Creative Bisociation

In my experience, many people confuse creativity with artistic ability. They also think that you have to be original to be creative. Both of these assumptions are only partially true.

Artists, in general, are creative, this is true, but so are accountants, parents, mountain climbers, and business owners. To be creative means to solve problems using novel approaches. And here is where the second assumption kicks in.

To be “novel” means to take a fresh, unique approach for the person, it doesn’t necessarily mean it has to be “original.” If a person solves a problem for themselves creatively using a new and novel approach and they later discover someone else already did the same thing, that doesn’t make it any less creative.

All ideas are the result of either connections or bisociations. Connections join two related ideas. Bisociations join two unrelated ideas.

Bisociation tends to take place in our subconscious. It relies on our brain making unusual or illogical connections, and so we are less likely to do so when making conscious decisions.

Thinking consciously about a problem reliably leads to logical connections. For example, if I run out of petrol, how will I get to the petrol station? I have several options which I run through in my conscious mind and evaluate: I can walk, hitchhike, call a friend, call roadside assist and so on. In situations like these, we work through the most logical option, making connections between related ideas until we decide upon the best course of action.

Inventing the printing press, however, required Gutenberg to make a link between two completely unrelated ideas to “innovate” a new process. He had a problem to solve — he saw a wax seal and wanted to press letters to leave an impression, but he didn’t know how to press multiple letters onto a full sheet of paper. It was only when he went to a local fair to drink wine that he saw a wine press and made the unusual bisociation between a wax seal and a wine press and develop what we now know as “movable type” and the letterpress printing process.

Gutenberg already had the problem percolating in his subconscious, so he was able to recognise the solution when it presented itself from an unrelated source, even though he wasn’t actively “thinking” about the problem at the time.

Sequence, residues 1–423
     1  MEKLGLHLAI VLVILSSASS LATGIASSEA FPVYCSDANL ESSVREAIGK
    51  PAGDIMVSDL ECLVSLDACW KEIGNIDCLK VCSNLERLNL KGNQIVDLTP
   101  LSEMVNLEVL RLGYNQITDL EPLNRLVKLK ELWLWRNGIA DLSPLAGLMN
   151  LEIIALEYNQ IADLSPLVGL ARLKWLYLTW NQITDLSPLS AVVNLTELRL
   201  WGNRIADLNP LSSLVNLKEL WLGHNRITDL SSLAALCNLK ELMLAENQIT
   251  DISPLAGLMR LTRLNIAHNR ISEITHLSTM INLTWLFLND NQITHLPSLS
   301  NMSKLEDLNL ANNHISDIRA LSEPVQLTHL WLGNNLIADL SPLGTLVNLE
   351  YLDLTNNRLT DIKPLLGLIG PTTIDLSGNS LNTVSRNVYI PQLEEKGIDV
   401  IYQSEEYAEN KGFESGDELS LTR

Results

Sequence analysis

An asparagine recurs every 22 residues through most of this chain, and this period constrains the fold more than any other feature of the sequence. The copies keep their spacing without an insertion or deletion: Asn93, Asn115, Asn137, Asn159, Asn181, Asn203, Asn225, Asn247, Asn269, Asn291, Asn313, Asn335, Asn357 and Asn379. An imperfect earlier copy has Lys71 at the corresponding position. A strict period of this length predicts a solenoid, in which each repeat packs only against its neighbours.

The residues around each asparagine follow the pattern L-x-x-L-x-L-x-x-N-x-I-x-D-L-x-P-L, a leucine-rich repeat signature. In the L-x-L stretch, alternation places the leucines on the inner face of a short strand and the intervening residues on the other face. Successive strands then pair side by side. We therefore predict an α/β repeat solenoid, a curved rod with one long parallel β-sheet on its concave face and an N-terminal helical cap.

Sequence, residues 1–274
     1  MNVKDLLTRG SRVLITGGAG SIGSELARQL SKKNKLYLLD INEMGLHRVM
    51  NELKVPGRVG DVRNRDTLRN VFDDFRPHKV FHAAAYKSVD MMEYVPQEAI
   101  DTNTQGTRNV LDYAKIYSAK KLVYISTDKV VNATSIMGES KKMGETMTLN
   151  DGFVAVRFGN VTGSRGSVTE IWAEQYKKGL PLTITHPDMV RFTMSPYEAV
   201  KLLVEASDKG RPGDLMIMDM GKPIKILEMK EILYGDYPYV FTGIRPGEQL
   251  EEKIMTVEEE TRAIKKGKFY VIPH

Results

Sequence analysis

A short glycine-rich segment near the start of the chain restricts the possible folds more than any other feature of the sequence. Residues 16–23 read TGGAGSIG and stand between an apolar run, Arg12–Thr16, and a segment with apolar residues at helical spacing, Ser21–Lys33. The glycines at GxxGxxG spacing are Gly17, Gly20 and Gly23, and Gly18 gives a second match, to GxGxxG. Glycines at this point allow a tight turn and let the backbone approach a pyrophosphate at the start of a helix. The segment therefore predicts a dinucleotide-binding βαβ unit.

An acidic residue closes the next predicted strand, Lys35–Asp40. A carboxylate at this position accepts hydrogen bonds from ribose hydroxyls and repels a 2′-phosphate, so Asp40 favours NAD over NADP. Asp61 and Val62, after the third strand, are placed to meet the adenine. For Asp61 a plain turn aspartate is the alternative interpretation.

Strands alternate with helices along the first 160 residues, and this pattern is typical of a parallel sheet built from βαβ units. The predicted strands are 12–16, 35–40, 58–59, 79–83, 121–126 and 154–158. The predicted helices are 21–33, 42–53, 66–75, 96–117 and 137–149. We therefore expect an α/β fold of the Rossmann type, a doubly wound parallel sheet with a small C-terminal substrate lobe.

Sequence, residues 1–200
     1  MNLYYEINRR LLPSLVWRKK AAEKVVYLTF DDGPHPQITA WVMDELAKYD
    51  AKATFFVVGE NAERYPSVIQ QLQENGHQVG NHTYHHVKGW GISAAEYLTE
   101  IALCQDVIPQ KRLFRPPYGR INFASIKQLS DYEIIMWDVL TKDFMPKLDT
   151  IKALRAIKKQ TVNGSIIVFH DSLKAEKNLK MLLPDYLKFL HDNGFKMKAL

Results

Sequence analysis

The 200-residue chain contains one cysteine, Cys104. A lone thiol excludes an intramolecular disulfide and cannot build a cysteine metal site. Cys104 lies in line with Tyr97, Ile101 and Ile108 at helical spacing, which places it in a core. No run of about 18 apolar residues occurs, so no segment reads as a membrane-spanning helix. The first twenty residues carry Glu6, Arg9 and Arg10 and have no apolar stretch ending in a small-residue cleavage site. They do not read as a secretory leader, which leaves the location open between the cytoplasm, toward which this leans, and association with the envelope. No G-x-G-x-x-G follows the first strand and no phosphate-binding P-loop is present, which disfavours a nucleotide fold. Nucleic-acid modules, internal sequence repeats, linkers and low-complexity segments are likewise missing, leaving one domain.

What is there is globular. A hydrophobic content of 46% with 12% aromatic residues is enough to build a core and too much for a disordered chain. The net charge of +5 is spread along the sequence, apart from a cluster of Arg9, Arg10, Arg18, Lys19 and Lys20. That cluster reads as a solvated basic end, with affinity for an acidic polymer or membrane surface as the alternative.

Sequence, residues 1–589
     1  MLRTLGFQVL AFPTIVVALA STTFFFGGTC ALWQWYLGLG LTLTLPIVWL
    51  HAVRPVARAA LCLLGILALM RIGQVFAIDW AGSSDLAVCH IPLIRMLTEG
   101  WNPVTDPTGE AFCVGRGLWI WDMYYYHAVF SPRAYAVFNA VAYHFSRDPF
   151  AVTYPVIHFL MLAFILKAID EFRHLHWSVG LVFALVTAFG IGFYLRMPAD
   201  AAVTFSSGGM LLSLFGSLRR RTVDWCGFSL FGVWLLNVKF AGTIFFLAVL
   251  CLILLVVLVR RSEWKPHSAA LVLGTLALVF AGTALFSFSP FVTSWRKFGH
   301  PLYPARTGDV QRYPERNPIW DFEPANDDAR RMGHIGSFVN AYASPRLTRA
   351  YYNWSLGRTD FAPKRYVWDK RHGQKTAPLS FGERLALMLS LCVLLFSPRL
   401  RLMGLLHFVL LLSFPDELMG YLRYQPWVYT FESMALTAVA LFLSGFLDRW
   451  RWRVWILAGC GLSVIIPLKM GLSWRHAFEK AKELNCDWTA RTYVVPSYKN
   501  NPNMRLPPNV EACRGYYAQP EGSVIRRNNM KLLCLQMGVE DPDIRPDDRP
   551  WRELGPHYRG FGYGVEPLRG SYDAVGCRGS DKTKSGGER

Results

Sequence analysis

Actively thinking about a problem and making logical connections gets most people through the day. Your fridge stops working, one of the kids is sick and needs to come home early, you want to make dinner, but you’re missing a vital ingredient and so on. All of these day-to-day problems can be solved by making logical connections between related concepts.

It is when you are trying to innovate and solve a unique problem, or find a unique solution to a common problem that you need to make an unrelated connection or bisociation, and this can only be done by getting your subconscious on board.

There are three ways to access your subconscious reliably. Let’s look at those now:

The first and most reliable way to access your subconscious is to use continuous stream-of-consciousness writing. Writing without stopping for three pages A4 longhand, when done every day, can build up your creativity fitness to a point where your subconscious shows up to the page to answer life’s curly questions on a regular basis.

The second way to access your subconscious is to think actively about the problem for a while, then put it on the back burner and go and do something else. Take a shower, mow the lawn, do something active and wait for the solution to pop in your head.

The third method is to sleep on it. Think about the problem actively, right before going to sleep, then have a dream diary at the ready.

So the next time you are required to innovate and solve a unique problem, or find a unique solution to a common problem, you might want to ask your subconscious to look for a bisociation between two unrelated ideas.